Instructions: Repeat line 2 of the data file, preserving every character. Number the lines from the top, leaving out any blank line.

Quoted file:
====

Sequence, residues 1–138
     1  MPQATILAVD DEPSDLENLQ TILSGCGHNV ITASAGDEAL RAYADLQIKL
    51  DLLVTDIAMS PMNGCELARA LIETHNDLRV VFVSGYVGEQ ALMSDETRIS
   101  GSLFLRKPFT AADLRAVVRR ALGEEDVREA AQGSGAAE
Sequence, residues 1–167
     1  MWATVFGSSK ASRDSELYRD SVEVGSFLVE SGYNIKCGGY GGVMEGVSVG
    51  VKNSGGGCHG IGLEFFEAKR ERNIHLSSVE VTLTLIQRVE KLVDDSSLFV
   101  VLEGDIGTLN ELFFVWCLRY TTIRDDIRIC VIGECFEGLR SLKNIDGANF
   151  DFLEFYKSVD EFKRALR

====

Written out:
     1  MPQATILAVD DEPSDLENLQ TILSGCGHNV ITASAGDEAL RAYADLQIKL